You may heard that polyunsaturated fatty acids (PUFAs) are good for your heart. In fact, if you live in Canada, you may even have seen heart-health claims on the packaging of many vegetable oils and products containing these oils. Since 2009, Canadian labels of these oils and the foods that contain them have been allowed to claim they promote “a reduced risk of heart disease by lowering blood cholesterol levels.”
Are Vegetable Oils Good for Your Heart?
A new analysis performed by researchers in Ontario, Canada, and published on the Canadian Medical Association Journal’s website this week suggests that claim may not be accurate if the oil contains high levels of omega-6 but does not also contain high levels of omega-3. According to the authors, the evidence does show that consuming vegetable oils rich in omega-6 linoleic acid can reduce your cholesterol. In fact, they cite a 2013 study in which the test group consumed vegetable oils with high levels of omega-6 linoleic acid but not much omega-3 α-linoleic acid, using these oils instead of saturated fats. That group’s serum cholesterol decreased significantly – by 8-13% compared to the baseline and control groups. Sounds good, right?
Unfortunately, even with their lowered cholesterol levels, members of the test group had significantly increased rates of death from cardiovascular disease and coronary artery disease! Reducing your cholesterol level is not good news on its own – it’s only a benefit if it also helps you live a longer and healthier life. It seems that consuming too many oils rich in omega-6 but low in omega-3 may actually have the opposite effect.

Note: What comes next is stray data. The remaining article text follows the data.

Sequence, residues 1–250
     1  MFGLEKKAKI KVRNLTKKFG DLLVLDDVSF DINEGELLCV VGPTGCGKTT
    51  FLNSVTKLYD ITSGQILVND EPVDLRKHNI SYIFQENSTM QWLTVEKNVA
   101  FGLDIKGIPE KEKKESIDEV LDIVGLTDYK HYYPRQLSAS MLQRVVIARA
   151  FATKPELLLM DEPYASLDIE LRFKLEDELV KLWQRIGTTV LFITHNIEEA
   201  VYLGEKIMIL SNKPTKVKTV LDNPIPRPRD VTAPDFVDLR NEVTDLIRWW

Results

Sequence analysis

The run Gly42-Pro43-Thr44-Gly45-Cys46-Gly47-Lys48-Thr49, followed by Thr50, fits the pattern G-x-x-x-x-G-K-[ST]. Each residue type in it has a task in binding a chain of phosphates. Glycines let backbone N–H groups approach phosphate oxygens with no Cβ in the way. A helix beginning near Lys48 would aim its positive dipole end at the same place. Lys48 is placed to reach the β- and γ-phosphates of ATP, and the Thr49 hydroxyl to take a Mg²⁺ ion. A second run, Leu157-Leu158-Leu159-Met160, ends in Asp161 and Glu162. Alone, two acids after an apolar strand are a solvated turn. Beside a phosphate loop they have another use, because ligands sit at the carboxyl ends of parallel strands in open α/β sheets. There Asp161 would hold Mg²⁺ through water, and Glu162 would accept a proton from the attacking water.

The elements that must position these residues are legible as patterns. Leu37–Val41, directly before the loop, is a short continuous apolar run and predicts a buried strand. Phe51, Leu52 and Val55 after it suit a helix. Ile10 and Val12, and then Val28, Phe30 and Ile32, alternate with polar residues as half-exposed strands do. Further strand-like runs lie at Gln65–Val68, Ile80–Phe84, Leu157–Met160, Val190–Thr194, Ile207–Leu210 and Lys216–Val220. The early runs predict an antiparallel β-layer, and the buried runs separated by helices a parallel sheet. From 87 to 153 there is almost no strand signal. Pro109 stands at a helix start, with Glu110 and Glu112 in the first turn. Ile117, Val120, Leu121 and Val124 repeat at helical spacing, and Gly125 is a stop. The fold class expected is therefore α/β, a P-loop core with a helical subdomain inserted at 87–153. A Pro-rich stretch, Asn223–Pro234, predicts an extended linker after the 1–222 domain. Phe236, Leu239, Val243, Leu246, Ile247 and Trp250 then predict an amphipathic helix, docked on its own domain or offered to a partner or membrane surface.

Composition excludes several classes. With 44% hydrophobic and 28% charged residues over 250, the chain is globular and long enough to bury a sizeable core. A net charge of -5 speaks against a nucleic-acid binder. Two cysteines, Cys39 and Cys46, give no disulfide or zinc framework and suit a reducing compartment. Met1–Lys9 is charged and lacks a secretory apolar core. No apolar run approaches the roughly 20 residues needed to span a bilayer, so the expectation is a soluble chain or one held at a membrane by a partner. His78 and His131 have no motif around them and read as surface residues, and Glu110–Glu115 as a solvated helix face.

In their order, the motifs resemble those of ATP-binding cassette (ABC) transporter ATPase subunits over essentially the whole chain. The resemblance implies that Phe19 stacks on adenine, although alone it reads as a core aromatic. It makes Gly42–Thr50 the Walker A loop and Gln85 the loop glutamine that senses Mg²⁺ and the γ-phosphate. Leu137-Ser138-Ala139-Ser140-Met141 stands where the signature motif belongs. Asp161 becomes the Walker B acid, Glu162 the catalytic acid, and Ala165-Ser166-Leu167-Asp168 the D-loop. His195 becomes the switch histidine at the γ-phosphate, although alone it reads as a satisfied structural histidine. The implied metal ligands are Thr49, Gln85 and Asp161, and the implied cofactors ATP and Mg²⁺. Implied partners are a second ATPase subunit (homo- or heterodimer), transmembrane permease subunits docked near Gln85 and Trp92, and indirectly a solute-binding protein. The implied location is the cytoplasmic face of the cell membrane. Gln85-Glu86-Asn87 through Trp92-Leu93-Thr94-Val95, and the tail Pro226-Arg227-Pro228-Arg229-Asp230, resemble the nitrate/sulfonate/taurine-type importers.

Not All PUFAs and Vegetable Oils Are Good For Your Heart
HealthCastle’s Editor-in-Chief Gloria Tsang, RD, wrote about the omega-6 controversy in her book, Go Undiet: 50 Small Actions for Lasting Weight Loss. She said, “Early studies showed that omega-6 fat may decrease total and LDL cholesterol. However, later studies found that omega-6 may actually increase the risk of developing heart disease, cancer, and inflammation. In particular, a study found that more men died from stroke and heart attack with a diet higher in omega-6 fat.” Her final verdict was to “use less omega-6-rich vegetable oils like safflower oil, low-oleic sunflower oil, grapeseed oil, and corn oil, as well as processed foods made with these oils.”
The Ontario researchers who authored the new report suggested that the labeling in Canada is misleading and should be changed: “We suggest that the health claim be modified such that foods rich in omega-6 linoleic acid but poor in omega-3 α-linolenic acid be excluded.”
The Bottom Line
Some vegetable oils do offer heart health benefits – notably, those rich in omega-3 and monounsaturated fatty acids (MUFAs, aka omega-9). For now, don’t assume oils rich in omega-6 but not omega-3 offer heart-health benefits. Even if they help lower cholesterol, they may not be good for your overall heart health. Confused? Check out the Top 10 Good Cooking Oils, in which HealthCastle’s dietitians analyzed most cooking oils based on their fatty acid content and identified the best.